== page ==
Stable isotope characterization of fluids from the Lake Chany complex, western Siberia, Russian Federation

C. Mizota, H. Doi, E. Kikuchi, S. Shikano, T. Kakegawa, N. Yurlova, A. K. Yurlov

Research output: Contribution to journalArticle

7 Citations (Scopus)

Abstract

The Lake Chany complex and nearby lakes in western Siberia (Russian Federation) were studied to constrain the S cycle in these terrestrial lake environments. Surface water chemistry was characterized by Na-SO4-Cl composition, comparable to other inland basins in semi-arid climatic zones associated with marine evaporite-bearing formations at depth. Dissolved sulfates showed elevated δ34S (up to +32.3‰). These values are quite distinct from those in similar saline lakes in northern Kazakhstan, the Aral Sea, Lake Barhashi, and a gypsum deposit in the Altai Mountains. The localized distribution of such a unique S isotopic signature in dissolved SO4 negates both aeolian and catastrophic flooding hypotheses previously suggested for the genesis of the dissolved salts. The probable source of the dissolved SO4 in Lake Chany basin is inherited from hidden saline groundwaters (whose location and origins remain unclear) from eastern Paleozoic ranges with Upper Devonian formations with heavy S isotope values. Post-depositional enrichment of heavy S in the dissolved SO4 from saline sediments may be caused by local activity of SO4-reducing bacteria under the ambient supply of electron donors (dissolved river load organic matter and decaying bacterial mats) in the lake complex. Such microbial processes can remove up to ca. 60% of SO4 from the system. Extensive and intensive evaporation of lake fluids, ca. 40%, was indicated by the progressive enrichment of δ18O values in meteoric water samples collected along the river and lake system. This evaporation process compensates the microbial loss of SO4 dissolved in the incoming river water.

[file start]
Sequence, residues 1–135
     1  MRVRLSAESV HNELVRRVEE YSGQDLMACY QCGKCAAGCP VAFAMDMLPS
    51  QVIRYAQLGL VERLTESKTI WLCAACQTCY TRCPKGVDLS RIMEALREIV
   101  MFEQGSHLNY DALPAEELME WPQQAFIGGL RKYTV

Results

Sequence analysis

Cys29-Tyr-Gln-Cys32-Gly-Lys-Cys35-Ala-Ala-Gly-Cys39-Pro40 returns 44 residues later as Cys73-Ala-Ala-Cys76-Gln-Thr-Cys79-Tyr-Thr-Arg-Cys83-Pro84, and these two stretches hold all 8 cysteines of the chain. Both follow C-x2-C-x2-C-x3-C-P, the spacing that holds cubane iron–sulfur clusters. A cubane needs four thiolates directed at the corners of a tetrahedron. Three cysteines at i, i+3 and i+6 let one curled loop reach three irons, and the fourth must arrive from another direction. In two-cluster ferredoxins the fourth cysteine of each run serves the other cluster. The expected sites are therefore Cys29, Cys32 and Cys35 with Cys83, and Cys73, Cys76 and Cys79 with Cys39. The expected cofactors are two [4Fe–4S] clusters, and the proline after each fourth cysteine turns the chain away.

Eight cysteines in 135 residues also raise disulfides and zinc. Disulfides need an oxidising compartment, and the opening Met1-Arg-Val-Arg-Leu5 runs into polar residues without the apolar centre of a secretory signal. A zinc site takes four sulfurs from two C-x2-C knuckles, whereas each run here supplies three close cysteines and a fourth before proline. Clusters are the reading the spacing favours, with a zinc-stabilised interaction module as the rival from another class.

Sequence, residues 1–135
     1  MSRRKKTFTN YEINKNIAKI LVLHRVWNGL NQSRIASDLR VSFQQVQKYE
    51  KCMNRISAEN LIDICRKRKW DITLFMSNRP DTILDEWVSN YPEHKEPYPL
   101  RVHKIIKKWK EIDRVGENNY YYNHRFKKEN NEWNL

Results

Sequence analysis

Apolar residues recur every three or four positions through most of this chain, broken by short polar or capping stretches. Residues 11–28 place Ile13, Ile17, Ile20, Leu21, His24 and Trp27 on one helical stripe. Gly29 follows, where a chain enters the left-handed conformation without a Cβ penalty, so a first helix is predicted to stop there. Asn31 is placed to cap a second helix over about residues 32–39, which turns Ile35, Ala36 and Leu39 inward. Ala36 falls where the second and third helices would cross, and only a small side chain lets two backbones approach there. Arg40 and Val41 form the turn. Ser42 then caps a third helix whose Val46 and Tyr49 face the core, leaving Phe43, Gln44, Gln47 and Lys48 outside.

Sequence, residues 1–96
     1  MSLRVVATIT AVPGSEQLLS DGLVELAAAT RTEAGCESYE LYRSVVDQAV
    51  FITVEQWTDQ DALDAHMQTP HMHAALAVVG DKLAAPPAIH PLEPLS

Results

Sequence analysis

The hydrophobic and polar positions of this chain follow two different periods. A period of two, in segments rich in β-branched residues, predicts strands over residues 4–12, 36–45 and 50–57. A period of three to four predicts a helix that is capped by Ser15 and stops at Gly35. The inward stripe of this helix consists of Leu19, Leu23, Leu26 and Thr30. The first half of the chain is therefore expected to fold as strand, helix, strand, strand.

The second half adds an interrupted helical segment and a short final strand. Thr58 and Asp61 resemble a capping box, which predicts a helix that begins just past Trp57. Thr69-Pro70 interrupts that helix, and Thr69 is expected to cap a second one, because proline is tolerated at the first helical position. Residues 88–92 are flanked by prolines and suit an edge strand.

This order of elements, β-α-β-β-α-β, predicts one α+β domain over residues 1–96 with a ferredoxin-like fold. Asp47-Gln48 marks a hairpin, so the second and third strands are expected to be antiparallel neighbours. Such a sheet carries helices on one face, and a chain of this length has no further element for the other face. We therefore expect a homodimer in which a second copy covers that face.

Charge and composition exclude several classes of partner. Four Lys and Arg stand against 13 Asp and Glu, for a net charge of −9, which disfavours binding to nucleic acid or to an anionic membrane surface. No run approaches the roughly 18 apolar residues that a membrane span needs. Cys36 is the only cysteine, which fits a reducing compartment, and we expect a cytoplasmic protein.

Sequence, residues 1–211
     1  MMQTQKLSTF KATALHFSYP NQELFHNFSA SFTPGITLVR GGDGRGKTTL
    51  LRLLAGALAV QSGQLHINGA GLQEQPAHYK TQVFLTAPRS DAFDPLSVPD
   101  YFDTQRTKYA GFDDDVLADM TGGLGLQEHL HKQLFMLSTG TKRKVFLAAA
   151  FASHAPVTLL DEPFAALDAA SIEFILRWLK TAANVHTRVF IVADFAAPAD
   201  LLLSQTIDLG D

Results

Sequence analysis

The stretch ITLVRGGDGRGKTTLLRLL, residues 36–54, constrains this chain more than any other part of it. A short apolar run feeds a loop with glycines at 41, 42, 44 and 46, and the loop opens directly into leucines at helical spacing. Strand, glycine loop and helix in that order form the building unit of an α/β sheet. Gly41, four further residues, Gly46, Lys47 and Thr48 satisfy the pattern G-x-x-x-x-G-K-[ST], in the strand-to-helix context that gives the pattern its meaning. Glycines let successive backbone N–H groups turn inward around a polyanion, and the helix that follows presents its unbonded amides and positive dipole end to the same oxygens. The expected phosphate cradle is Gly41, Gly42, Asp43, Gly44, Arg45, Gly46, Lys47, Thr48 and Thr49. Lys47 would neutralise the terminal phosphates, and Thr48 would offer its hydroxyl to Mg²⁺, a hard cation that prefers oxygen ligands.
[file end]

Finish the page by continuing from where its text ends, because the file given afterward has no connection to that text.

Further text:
Original languageEnglish
Pages (from-to)319-327
Number of pages9
JournalApplied Geochemistry
Volume24
Issue number2
DOIs
Publication statusPublished - 2009 Feb 1

ASJC Scopus subject areas

  • Environmental Chemistry
  • Pollution
  • Geochemistry and Petrology

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